Tech 2 Teach, Stillwater Public Education Foundation
The third Outstanding Program Award winner is the Tech 2 Teach Program sponsored by the Stillwater Public Education Foundation. After discussing the district’s greatest needs with school administrators, foundation board members learned that the district needed to increase technology available to both students and teachers.
“Continually shrinking budgets cause school districts to sometimes treat technology as an extra rather than a necessity,” said Jenifer Bartley, foundation executive director. “However, we know how important it is to expose students to technology and how much more effectively teachers can instruct when technology is available to use.”
The Stillwater foundation launched the Tech 2 Teach fundraising campaign to respond. In 2013 and 2014, the foundation allocated $25,000 from its budget and raised an additional $25,000 to provide $50,000 each year for technology needs. The foundation worked with the district’s information technology director, assistant superintendent and curriculum technology support specialists to plan and distribute technology throughout the district.
In the first year the initiative provided 121 document cameras and 12 projectors to all school sites, allowing each teacher to build on a common technology platform. Last year, the campaign provided 157 Chromebooks and charge carts to be divided among the district’s 10 school sites. “Thousands of students will have the opportunity to collaborate on research, projects and develop an electronic classroom on the Chromebooks, which encourage academic excellence,” Bartley said. The foundation plans to collaborate with district administrators each year to choose a different technology project to benefit from Tech 2 Teach.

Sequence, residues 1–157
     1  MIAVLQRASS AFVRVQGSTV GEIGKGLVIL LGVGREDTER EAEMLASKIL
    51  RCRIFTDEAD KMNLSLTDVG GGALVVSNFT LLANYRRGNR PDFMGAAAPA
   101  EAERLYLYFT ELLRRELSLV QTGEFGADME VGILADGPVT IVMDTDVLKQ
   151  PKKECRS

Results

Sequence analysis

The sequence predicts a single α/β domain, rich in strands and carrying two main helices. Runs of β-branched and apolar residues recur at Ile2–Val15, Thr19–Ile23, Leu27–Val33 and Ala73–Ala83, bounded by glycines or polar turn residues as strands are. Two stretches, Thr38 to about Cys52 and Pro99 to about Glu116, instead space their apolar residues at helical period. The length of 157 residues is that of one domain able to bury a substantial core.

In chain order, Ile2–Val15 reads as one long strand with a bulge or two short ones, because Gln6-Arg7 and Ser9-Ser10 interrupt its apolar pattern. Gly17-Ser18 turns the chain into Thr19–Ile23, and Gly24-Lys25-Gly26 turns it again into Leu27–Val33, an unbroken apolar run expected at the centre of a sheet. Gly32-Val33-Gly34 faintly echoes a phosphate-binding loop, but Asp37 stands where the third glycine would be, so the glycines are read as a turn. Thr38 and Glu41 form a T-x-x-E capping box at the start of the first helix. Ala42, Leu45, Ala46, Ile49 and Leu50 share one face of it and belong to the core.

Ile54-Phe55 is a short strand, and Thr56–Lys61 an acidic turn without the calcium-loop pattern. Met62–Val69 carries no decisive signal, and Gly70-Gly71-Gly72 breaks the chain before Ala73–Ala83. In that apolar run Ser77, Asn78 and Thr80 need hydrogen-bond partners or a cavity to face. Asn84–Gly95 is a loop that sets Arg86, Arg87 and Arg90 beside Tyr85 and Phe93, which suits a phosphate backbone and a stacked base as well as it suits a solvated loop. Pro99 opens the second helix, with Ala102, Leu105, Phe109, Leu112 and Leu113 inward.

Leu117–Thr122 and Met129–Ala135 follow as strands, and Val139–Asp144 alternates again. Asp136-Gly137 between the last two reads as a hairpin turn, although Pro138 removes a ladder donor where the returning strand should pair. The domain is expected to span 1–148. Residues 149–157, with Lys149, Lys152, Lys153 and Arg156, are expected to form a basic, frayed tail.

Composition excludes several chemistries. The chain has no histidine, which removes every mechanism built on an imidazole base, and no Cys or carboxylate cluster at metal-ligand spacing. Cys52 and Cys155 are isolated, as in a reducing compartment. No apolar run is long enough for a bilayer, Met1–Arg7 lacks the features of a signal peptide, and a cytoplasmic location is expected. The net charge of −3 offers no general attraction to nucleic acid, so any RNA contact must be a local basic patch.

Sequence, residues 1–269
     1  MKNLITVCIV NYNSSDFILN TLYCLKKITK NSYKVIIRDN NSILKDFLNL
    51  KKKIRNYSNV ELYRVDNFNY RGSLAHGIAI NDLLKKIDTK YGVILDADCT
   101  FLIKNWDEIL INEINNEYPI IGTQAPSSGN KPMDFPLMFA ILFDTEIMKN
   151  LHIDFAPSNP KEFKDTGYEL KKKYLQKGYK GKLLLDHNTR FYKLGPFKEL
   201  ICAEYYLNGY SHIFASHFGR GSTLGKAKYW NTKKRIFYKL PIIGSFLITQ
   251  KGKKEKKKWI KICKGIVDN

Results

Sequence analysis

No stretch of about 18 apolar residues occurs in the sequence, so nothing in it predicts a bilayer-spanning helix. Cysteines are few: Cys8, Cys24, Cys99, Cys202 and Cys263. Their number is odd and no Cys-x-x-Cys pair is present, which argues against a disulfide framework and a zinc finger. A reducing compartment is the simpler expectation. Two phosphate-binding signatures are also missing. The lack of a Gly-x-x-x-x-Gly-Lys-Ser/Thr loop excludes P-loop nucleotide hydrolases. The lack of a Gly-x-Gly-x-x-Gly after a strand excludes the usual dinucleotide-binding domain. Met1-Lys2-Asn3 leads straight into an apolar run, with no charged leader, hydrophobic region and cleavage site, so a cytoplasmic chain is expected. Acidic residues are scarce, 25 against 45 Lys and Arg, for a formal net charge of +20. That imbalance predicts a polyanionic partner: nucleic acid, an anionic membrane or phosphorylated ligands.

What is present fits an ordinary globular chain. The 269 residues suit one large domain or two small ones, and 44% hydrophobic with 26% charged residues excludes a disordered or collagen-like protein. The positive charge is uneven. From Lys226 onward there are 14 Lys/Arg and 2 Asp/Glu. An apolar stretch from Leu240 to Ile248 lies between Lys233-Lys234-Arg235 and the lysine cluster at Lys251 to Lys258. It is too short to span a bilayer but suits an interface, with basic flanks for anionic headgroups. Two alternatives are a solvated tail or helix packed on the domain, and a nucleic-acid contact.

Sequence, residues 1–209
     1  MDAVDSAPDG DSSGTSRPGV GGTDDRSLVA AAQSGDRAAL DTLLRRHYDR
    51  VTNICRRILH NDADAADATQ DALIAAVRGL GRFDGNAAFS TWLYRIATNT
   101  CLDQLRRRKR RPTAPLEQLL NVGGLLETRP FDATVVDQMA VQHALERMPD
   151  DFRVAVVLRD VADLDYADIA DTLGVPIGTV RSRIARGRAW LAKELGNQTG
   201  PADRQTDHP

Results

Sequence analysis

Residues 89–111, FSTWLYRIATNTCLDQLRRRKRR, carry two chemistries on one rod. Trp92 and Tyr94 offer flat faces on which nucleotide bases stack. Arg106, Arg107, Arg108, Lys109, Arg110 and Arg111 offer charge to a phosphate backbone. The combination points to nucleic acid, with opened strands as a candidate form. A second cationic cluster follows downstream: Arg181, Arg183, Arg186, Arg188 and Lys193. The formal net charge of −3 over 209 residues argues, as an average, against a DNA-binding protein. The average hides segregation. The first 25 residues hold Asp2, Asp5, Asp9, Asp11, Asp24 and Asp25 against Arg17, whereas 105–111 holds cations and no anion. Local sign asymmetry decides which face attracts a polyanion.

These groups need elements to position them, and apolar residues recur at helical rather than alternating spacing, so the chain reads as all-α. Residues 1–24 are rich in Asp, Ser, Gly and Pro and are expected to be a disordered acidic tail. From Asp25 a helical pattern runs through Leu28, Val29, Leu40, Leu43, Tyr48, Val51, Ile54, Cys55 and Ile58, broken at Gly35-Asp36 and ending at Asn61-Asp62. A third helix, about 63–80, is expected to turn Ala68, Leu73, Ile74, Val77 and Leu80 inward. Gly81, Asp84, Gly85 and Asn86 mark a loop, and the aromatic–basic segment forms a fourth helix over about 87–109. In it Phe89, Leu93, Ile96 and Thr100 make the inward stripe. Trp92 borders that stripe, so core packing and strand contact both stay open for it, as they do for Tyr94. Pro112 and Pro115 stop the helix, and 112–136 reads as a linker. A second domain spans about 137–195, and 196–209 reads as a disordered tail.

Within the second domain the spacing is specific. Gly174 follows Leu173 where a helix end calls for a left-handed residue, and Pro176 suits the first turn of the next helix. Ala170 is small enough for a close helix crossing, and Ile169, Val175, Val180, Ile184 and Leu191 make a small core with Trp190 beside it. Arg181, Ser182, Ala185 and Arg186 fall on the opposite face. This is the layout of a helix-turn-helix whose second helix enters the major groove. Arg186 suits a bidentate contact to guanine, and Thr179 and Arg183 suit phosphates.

Glow Golf, Tahlequah Public Schools Foundation
The fourth award winner is the Glow Golf Fall Event sponsored by the Tahlequah Public Schools Foundation. The event is a twist on the traditional golf tournament fundraiser, as teams play nine holes of golf in the dark with the assistance of lighted golf balls, flash lights, black lights and neon lighted flags. The goal of the event is to raise money for teacher grants and to promote the foundation to the community in hopes of recruiting new board members. In 2014, the foundation raised $15,800 from the event, which helped fund more than one-third of its teacher grants.
The foundation invites businesses and individuals to sponsor the Glow Golf event, with five levels of sponsorship ranging from $200 to $2,500. Depending upon the donation level, sponsors will receive recognition on promotional materials, various levels of team registration and dinner, T-shirts and glow golf materials. In 2014, a 48-inch television was donated and awarded via a drawing for individual attendees.
“Through the Glow Golf Fall Event over the past four years, the Tahlequah Public Schools Foundation has been able to fund more than 656 grants totaling well over $100,000, all of which is to support our students’ education,” said Tahlequah Public Schools Superintendent Lisa Presley, who nominated the program. Among projects funded through the teacher grants have been iPads, a digital tablet, robotics materials and choir robes, she said.
“Through events like their Glow Golf Fall Event, the foundation helps the community have a direct influence on the quality of education our students receive by helping teachers realize their dreams,” Presley added.